17 OCTOBER 1970, Page 6


Since airline security has been tightened up, kidnapping seems to be replacing aircraft hijacking as the main terrorist weapon. In Canada an extremist Quebec liberation group which already holds British diplomat Mr James Cross abduc- ted a second victim. Mr Pierre Laporte, Minister of Labour in the Quebec Government. Mr Laporte was kidnapped from in front of his own home while playing football.

Mr Edward Heath wound up the Conservative Party conference at Black- pool with a rousing call to the British people to stand on their own feet. Gov- ernment policy, he said, would be directed towards less government, and the State would withdraw from all activities which were no longer necessary or could better be done by voluntary organisations and individuals. He was given an ovation last- ing more than seven minutes.

One point the Prime Minister made strongly was that while valuing the Commonwealth. Britain also was an independent country. Fitting the action to the words he forcefully put the case to President Nyerere of Tanzania for British sales of arms to South Africa. The President remained unimpressed by Mr Heath's argument, reinforced by Sir Alec Douglas-Home, that a Soviet naval threat exists in the Indian Ocean. A second round of talks, this time with President Kaunda of Zambia, was not expected to dent African opposition to the Government's policy.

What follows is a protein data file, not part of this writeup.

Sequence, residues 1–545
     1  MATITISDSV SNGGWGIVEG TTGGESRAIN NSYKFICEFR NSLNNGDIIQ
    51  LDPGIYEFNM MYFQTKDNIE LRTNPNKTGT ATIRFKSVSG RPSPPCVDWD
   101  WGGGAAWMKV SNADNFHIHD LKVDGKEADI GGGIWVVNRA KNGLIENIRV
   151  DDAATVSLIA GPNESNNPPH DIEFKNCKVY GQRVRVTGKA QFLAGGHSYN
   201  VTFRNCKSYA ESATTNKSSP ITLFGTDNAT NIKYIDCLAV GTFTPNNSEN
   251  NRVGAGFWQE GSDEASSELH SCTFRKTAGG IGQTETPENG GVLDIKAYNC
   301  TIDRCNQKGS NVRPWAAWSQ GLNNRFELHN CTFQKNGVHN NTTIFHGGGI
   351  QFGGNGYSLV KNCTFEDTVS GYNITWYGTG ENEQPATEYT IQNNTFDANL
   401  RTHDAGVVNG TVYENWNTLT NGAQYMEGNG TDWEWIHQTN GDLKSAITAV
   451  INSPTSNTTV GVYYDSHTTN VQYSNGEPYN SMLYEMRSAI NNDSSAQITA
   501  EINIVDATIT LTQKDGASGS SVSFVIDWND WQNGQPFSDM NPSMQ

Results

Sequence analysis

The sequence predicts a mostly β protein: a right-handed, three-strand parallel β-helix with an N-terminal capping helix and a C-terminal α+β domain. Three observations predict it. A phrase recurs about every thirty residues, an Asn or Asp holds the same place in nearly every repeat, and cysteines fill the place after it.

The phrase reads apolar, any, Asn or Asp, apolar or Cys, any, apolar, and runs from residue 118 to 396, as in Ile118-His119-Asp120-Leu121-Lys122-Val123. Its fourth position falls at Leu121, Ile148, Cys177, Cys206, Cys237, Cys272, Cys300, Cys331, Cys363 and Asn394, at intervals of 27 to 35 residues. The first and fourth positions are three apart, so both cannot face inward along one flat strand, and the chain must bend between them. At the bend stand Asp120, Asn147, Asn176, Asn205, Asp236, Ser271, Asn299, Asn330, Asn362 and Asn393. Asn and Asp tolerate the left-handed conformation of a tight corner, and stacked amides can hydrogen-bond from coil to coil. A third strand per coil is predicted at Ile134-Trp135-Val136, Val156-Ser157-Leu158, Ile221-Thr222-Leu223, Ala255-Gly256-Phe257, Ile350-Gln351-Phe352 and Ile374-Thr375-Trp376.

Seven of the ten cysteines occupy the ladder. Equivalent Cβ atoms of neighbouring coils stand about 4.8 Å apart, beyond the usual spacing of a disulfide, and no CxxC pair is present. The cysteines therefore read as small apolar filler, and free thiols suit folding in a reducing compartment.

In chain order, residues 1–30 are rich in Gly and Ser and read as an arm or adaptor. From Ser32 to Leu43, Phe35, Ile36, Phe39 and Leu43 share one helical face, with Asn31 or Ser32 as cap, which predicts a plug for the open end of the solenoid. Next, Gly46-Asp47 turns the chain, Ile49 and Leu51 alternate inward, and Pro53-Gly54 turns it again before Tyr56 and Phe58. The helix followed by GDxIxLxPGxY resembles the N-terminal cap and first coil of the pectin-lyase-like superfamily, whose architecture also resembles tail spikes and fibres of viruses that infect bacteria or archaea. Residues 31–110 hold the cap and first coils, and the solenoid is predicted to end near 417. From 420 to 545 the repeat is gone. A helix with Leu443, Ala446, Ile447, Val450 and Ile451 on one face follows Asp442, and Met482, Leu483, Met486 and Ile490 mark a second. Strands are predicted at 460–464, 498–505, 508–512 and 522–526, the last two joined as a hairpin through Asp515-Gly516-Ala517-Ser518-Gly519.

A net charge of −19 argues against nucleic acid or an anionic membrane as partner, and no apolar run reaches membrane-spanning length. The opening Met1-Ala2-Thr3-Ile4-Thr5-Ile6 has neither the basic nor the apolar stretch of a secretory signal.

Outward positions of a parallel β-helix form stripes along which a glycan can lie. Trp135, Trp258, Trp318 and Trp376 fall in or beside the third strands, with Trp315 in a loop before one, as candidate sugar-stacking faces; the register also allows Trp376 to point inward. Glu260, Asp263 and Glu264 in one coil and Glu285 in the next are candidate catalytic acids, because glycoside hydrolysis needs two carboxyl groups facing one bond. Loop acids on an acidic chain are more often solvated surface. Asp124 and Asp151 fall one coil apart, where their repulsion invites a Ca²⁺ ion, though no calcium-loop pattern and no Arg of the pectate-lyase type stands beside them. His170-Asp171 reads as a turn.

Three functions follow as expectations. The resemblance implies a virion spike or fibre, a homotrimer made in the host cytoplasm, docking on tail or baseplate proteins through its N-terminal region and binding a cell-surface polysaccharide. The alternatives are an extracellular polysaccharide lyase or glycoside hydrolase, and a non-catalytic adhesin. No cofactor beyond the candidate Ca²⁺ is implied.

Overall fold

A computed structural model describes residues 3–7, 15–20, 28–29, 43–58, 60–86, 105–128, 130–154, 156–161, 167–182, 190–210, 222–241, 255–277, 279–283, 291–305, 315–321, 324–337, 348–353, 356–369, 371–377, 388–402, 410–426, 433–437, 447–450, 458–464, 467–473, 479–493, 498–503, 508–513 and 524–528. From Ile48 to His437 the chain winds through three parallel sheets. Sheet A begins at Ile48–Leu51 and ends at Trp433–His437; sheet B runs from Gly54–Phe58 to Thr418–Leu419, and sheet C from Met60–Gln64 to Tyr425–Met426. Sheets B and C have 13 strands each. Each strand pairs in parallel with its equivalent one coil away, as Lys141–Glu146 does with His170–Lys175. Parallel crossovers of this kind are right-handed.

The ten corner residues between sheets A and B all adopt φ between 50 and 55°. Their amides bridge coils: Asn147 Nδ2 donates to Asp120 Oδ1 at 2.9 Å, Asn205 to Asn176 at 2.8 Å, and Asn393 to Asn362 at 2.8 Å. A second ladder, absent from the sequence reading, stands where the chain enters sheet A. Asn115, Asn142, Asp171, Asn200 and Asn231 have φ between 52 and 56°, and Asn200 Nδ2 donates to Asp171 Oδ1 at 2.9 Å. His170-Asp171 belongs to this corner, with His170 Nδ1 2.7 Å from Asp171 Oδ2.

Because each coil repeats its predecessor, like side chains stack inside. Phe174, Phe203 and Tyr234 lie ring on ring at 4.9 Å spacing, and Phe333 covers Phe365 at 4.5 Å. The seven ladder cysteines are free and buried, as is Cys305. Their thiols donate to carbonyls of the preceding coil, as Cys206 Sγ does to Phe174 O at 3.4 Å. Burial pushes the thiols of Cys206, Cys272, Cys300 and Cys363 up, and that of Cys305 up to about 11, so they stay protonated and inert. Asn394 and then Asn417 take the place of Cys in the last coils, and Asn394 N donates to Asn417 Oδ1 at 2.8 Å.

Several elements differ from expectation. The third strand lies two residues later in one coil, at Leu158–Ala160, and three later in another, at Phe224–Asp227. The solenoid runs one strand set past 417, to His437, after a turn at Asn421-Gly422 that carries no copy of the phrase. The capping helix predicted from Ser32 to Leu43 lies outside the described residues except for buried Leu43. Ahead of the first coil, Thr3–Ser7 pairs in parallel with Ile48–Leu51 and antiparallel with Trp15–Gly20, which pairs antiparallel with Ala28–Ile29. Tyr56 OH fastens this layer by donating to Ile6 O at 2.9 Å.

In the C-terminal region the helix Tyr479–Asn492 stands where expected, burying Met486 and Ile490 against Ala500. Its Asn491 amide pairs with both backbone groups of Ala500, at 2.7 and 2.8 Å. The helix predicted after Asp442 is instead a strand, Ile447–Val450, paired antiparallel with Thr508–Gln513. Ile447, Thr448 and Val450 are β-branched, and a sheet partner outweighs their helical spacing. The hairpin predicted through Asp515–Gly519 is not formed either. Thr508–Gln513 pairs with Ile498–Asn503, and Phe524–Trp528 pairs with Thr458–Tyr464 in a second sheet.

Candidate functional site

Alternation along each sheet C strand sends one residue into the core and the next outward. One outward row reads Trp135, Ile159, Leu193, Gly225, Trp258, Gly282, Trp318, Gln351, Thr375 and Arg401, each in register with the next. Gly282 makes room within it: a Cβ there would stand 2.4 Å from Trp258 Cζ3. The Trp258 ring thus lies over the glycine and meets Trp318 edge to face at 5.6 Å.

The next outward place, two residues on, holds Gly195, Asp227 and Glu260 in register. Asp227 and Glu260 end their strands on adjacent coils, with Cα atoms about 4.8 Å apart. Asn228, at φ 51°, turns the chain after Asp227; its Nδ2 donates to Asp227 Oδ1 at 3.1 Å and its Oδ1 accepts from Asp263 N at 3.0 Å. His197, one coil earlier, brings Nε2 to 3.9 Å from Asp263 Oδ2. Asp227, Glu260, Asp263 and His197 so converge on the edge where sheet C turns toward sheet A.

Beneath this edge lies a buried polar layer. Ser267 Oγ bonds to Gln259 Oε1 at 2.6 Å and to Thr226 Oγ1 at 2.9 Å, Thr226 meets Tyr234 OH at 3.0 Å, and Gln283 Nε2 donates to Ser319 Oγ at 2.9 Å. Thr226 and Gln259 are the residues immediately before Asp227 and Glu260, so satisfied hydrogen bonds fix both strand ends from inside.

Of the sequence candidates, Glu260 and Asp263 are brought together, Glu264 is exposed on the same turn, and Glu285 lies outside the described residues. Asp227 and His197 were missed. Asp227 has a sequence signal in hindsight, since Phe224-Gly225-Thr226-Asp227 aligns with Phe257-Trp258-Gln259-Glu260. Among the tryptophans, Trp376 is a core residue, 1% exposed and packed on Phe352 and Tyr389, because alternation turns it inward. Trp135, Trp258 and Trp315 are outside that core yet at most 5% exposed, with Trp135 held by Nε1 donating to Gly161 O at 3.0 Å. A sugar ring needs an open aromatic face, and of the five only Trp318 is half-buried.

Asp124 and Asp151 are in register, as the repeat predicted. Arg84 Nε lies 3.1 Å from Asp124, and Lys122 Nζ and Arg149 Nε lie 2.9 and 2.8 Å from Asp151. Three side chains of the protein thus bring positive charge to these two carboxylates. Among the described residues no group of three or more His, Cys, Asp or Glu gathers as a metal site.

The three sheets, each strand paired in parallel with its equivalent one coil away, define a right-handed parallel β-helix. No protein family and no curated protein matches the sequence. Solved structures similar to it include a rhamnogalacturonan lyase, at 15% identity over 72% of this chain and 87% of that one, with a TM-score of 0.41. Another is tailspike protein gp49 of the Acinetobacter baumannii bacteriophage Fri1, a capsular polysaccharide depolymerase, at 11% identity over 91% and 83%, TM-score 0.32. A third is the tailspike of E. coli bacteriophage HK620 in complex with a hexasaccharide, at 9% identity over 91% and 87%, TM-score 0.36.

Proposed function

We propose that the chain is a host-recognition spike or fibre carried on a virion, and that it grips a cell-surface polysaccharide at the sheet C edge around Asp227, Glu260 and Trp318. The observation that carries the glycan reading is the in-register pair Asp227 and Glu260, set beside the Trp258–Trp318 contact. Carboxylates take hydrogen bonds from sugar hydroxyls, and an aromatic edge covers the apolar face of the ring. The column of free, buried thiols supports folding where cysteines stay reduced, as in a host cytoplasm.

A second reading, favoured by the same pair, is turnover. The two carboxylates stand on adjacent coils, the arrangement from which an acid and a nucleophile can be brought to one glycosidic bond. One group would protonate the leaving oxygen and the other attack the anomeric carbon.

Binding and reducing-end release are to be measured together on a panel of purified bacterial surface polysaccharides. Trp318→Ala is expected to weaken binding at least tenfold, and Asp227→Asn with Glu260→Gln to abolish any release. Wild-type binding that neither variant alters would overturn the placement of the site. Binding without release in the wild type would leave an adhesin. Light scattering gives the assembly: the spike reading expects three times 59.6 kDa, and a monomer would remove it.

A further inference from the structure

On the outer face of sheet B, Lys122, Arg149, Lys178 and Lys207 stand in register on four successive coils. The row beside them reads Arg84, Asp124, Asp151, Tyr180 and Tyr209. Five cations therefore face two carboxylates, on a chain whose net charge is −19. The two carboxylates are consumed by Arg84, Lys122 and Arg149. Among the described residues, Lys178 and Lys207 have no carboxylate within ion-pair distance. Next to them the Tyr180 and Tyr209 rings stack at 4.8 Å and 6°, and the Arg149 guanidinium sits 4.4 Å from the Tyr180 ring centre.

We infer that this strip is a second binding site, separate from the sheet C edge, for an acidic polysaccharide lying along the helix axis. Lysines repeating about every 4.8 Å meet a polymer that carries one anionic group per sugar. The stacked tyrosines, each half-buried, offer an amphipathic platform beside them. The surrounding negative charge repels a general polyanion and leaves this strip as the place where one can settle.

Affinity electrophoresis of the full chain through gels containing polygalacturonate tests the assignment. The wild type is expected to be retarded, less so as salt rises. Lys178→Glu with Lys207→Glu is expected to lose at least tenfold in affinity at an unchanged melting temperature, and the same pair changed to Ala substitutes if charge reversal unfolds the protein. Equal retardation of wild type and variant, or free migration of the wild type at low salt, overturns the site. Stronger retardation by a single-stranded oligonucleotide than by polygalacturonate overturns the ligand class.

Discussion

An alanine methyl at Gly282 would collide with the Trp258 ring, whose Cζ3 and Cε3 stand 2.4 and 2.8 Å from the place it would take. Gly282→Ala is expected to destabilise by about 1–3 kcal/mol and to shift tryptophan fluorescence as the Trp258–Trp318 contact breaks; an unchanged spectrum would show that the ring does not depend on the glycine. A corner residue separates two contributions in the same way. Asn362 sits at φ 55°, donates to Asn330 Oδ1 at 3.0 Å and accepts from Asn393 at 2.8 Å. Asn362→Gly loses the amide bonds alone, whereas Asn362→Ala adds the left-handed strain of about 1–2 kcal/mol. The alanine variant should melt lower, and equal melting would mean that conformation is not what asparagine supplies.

President Nixon's peace proposals for Vietnam also ran into the sand with an apparently implacably hostile reaction from North Vietnam. Undeterred, Presi- dent Nixon intends to use next week's United Nations meeting to pursue his initiative.

At home the council workers' strike continued. with more untreated sewage being pumped into rivers, and the miners began voting in their strike ballot. Britain was enjoying a classical Indian summer, with temperatures in the high sixties. Minimum stake for Tote bets was raised from 44 to 6s; And, a sequel to the Garden House Hotel riot, the Council of the Senate decided that Cambridge proctors would not in future attend demonstrations in which undergraduates take part outside university property.